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I had a conversation with my parents at dinner about 10 years ago to find what their expectations were as far as do not resuscitate, ventilaors and dialysis and they were very receptive. When my father had a major stroke at age 86 my brother mother and I were in agreement on his wishes. This was without anything written down on paper. My only concern is that if there is no medical proxy, doctors will ask the closest next of kin which will not be you but your husband or his siblings who will also be on the same page.. Make sure that he is included in your conversation with your MIL.
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This type of conversation is very hard to do on your own. You can ask her doctors to assist but many of them lack the training or inclination to do so. A better approach is to invite your mother to work through one of the existing tools meant to guide older adults and families through these conversations. I recently reviewed these for one of my own articles on advance planning and here are three I like:

developed by a fellow geriatrician who has done a lot of research on advance planning. It is free online, and uses videos to walk people through the important issues they should consider.

Another one I like is the American Bar Association's Toolkit for Advance Healthcare Planning. It's a PDF workbook; I recommend printing the whole toolkit and helping your mother go through it.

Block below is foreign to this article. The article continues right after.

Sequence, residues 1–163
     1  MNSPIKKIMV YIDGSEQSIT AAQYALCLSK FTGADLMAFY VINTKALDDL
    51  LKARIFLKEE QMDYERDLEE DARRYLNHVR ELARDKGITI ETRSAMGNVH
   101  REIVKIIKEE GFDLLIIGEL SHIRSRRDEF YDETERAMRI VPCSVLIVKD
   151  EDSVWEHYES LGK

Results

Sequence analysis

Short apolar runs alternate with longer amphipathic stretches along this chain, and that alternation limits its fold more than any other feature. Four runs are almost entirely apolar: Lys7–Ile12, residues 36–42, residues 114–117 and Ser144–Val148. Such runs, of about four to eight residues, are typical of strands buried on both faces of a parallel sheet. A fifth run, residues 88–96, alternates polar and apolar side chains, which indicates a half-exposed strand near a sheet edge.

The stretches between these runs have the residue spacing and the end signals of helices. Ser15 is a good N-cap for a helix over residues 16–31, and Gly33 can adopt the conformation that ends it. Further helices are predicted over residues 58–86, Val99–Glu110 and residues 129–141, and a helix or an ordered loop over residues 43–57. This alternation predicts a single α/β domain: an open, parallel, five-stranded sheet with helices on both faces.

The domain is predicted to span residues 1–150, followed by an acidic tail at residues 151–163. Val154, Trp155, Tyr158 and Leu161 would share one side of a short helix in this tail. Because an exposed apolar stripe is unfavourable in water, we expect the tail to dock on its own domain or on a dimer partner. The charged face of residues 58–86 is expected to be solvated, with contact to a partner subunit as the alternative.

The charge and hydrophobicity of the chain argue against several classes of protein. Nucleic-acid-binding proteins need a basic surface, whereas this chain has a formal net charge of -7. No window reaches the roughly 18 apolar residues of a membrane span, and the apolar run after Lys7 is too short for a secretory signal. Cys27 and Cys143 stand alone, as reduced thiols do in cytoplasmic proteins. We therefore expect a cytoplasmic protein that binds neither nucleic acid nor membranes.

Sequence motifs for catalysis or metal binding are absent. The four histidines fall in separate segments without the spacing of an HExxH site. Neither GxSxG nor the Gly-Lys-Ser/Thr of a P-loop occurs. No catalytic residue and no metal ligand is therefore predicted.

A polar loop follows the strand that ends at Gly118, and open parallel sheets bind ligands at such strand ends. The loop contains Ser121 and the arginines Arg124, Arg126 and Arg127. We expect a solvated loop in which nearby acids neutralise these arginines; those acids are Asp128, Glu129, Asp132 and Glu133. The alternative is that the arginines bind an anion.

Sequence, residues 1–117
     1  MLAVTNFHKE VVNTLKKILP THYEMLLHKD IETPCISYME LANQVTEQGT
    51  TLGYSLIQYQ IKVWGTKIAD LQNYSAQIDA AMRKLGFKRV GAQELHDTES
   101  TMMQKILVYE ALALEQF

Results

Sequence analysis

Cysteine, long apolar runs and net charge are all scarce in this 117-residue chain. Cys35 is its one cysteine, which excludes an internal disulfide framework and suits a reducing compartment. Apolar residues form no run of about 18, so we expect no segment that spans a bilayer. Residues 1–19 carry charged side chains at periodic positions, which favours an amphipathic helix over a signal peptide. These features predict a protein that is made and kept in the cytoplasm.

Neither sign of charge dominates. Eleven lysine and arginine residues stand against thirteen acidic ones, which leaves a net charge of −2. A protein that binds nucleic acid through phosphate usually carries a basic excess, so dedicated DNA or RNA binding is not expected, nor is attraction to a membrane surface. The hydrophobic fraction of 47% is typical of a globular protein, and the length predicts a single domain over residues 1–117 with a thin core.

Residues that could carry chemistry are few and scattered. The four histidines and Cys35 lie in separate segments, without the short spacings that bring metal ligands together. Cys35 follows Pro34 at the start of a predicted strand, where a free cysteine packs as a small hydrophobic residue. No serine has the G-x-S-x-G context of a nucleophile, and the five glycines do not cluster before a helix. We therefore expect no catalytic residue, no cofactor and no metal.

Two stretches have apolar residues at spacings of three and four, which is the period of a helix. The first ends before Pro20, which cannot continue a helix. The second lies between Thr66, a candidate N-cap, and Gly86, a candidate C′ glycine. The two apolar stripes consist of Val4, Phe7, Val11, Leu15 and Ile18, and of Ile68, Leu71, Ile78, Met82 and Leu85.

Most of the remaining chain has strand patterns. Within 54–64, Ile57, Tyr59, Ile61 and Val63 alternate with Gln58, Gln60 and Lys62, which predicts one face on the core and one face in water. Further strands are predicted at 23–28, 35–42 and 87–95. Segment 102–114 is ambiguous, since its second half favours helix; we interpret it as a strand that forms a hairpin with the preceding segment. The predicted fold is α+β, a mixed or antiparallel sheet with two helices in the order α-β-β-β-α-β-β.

americanbar

A third option is the Conversation Project's Starter Kit. This is less comprehensive than the other two, but better than nothing:
theconversationproject

Last but not least, you can try 5 Wishes, which creates an advance directive valid in 42 states. (costs $5 to buy/download the form or do it online) agingwithdignity

Now is definitely the time to help your MIL think through these issues. Good luck!
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Just sit down and say; MIL (insert name here), what are your wishes concerning -------. It is a shame it wasn't done years ago. I was the one to tell my dad he was terminal, I was there when my mom got the news she was terminal. We had already talked about what they wanted, where they wanted to be buried, what about Cremation, and everything else. I found out my dad wanted to be buried in a little cemetery I didn't even know existed. While I am at it, if you have family, do they know what you want? We are redoing our trust and I have made sure my kids know what I want. My husband and I not only verbalize what we want but we make sure others know and we have written down instructions. That way, our kids aren't left wondering.
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I can speak from experience to this question, as I've walked in those shows. Most, if not all the anxiety you may be having is all anticipatory. I have found that simply being direct but empathetic works. I would recommend while at the Dr.'s office during the appointment or on the drive home asking her if she has her Five Wishes completed (advance directives). If not, offer to help her with them. Share with her that you and her son want to follow her wishes, not the medical communities or anyone else's, but in order to do this she needs to provide you with a road map. Then, let her know that you are here to speak for her when she is unable too, therefore she needs to help you, help her. Good luck - pls let us know how it goes.
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We have the legal stuff in place, but it doesn't really deal with intermediate choice making. The wellness person at her independent living place gave me the 5 wishes packet. I think that is what I was looking for. She is also going to help us if we need it. Thanks for the input.